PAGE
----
The way they work is this: If you suffer a data breach that the ICO hears off, they'll investigate.

        Once the investigation is complete, they'll do a few things:

        1. Write a beautifully-worded press release explaining exactly what you did wrong and put it on the news wires.

        2. Write an equally beautifully-worded report explaining what you did wrong in explicit detail.

        3. Issue a thumping great fine.

        It's important to note that they don't have to take an organisation to court to raise this fine. It's the other way around - if your organisation gets fined, it's down to you to raise an appeal.

        Parent posting needs to be modded up.

      • by jimicus (737525)

        Replying to myself, but.... £200,000 is a pretty big fine by ICO standards.

        Reading the report, it seems that while the BPAS did everything right once the breach was discovered, the circumstances that led to it happening in the first place were caused by pretty blatant incompetence. They knew (or should have known) that the details of people who wanted to use their services would be confidential information, they sacked the firm that built the website over concerns for their ability but they kept the s

  • No Sympathy (Score:5, Insightful)

    by TechyImmigrant (175943) on Friday March 07, 2014 @04:47PM (#46430627) Journal

    I have no sympathy. They need to be required to pay the fine so everyone else who handles personal data gets the message that you don't handle it negligently.

    • Re:No Sympathy (Score:5, Insightful)

      by Fallen Kell (165468) on Friday March 07, 2014 @04:58PM (#46430693)
      I agree entirely. And the fine needs to be high enough that it is cheaper to do the work properly than it is to risk not doing it and simply paying the costs of the fine.
    • Why so black and white? Your brain should be able to handle sympathy while at the same time thinking they should be required to pay the fine.

      At the very least, realize that the people who are going to be paying the price here aren't people who said "Hey, know what? FUCK PRIVACY! HAHAHAHAHAHA!"
      • Because this was the UK, where the terms of the data protection act are well understood. Ignorance of that is no more excusable than ignorance of tax law, or speed limits.

        They had plenty of non technical choices to protect the data. They could have kept it on paper in a locked room. They could have kept the computers off the internet. They could have kept the data in excel tables on USB sticks. They could have hired a consultant who specializes in data protection compliance. There are no shortage of them.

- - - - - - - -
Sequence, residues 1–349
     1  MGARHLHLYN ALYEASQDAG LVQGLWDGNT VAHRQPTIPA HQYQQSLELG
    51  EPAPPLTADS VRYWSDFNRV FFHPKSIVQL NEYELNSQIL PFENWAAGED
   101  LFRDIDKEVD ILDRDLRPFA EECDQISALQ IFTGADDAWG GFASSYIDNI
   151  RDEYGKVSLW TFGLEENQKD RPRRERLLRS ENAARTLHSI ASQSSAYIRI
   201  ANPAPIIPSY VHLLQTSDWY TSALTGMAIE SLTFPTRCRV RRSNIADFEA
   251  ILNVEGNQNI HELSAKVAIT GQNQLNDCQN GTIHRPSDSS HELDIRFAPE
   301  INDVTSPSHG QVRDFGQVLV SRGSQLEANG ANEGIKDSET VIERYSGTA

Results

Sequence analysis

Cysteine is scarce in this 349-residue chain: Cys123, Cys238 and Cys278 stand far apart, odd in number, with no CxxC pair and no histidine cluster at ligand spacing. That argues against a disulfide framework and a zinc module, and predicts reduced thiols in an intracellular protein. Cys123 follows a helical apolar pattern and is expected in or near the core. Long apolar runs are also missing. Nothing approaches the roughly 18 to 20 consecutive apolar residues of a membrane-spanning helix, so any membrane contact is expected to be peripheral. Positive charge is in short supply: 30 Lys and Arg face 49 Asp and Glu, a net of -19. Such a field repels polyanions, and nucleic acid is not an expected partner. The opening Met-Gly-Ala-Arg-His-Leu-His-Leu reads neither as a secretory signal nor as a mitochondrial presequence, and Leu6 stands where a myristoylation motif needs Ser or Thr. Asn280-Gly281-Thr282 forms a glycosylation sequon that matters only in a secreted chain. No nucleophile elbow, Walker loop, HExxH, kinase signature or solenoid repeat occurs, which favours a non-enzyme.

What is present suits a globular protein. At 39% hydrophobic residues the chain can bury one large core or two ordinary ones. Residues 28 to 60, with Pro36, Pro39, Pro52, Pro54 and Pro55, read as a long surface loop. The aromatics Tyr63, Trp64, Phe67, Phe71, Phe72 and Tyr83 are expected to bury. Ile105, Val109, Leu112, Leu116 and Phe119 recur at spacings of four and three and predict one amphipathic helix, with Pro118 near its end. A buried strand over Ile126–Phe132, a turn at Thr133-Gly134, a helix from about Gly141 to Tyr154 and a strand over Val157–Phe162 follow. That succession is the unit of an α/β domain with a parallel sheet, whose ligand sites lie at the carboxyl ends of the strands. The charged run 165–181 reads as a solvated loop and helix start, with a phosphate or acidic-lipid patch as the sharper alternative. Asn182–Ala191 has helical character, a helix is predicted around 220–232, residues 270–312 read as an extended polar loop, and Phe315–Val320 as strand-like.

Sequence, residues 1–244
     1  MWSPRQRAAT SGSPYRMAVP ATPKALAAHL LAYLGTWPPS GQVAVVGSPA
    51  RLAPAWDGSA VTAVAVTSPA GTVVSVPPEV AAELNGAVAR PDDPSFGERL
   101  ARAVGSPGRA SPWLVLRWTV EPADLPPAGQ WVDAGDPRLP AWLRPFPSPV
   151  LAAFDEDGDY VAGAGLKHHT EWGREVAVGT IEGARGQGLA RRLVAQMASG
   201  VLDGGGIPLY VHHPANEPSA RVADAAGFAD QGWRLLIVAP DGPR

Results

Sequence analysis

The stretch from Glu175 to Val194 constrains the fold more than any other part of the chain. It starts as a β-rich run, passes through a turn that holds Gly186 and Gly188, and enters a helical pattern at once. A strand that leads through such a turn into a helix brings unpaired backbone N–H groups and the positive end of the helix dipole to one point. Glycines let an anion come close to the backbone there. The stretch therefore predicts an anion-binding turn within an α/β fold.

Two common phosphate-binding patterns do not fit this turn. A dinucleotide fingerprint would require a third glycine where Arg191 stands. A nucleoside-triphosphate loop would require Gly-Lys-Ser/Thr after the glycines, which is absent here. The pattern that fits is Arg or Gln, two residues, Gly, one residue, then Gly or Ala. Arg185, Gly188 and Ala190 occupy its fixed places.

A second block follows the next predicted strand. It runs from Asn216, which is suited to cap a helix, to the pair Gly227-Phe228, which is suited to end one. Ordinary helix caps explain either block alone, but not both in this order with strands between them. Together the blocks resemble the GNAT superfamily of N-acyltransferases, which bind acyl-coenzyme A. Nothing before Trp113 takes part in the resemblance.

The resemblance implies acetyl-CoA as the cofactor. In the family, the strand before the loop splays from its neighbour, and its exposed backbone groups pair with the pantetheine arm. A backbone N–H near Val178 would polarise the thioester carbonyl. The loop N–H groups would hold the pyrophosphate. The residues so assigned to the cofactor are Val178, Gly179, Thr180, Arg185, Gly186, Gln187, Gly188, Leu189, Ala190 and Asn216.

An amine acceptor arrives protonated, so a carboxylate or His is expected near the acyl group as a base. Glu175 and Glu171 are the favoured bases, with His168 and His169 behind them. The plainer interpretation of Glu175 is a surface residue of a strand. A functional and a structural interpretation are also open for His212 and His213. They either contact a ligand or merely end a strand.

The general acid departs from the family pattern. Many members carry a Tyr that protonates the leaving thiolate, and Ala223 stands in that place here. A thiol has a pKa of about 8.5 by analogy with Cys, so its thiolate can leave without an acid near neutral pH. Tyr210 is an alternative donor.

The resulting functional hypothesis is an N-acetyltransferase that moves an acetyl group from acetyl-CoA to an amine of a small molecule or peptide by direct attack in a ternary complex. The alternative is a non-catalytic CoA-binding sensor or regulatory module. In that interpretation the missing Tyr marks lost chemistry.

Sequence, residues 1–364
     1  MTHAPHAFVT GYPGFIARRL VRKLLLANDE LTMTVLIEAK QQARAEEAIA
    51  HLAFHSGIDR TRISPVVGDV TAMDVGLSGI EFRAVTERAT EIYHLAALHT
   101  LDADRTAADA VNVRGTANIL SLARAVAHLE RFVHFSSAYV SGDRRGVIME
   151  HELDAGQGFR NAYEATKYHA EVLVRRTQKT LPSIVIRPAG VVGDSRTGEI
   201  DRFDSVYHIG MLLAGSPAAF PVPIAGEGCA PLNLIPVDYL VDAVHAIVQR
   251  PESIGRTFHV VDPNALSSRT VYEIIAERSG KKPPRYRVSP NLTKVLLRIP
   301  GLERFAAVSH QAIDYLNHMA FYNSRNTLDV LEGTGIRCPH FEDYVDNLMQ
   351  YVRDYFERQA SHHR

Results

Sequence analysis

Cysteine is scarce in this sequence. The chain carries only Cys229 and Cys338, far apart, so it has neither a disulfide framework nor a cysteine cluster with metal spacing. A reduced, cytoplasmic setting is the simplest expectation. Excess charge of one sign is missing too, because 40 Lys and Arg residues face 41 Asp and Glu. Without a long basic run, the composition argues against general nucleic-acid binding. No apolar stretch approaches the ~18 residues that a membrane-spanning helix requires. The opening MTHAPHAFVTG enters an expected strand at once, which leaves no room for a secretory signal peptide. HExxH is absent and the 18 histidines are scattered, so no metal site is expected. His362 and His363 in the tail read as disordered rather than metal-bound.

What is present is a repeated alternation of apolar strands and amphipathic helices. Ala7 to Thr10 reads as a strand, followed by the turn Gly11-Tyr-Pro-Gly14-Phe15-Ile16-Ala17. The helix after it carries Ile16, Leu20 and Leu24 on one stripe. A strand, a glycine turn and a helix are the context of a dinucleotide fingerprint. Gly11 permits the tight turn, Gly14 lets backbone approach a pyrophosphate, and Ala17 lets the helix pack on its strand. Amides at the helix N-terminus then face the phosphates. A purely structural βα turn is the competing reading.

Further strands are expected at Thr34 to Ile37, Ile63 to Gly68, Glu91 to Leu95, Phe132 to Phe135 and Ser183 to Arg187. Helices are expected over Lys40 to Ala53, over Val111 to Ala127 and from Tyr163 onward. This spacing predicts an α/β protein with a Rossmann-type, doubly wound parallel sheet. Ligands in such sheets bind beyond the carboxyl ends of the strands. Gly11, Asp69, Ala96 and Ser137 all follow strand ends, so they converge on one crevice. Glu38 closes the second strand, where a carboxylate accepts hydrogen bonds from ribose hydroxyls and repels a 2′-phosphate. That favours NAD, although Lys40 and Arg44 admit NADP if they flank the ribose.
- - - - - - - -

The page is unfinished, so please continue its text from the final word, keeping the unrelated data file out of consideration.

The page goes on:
• by Anonymous Coward

      So if you have some repairs done on your bike or car, and you don't self-certify that the car / bike is in perfect working order and you go careening through an intersection killing 3 children, you will be held responsible for your lack of verifying that all repairs were completed properly.

      Gotcha, can't wait to see you executed for that bub.

      A contractor is responsible for their work - that's why they have to carry insurance for errors / omissions.

      If the Charity said "make sure it's secure" but had no one on

      • by Anonymous Coward

        K, now that we're all clear on this, the Judge needs to pull their head out of their ass and re-assign the fine to the contractor, end of story.

        The charity was the organisation registered as a data controller. It was their responsibility to ensure the security of the data. It was their responsibility to define the requirements of the system comprehensively. It was their responsibility to make sure the contractor did the job correctly. They failed in their responsibility, and now face the consequences.
        This i

      • by Anonymous Coward

        If the Charity said "make sure it's secure" but had no one on staff to validate that, then it's no different from your local mechanic fudging the work causing your brakes to fail and you get sent to prison for life or get executed for murdering innocent children.

        K, now that we're all clear on this, the Judge needs to pull their head out of their ass and re-assign the fine to the contractor, end of story.

        No, YOU need to pull your head out of YOUR ass and understand it was the charity that had the legal resp

  • by BitterOak (537666) on Friday March 07, 2014 @05:23PM (#46430895)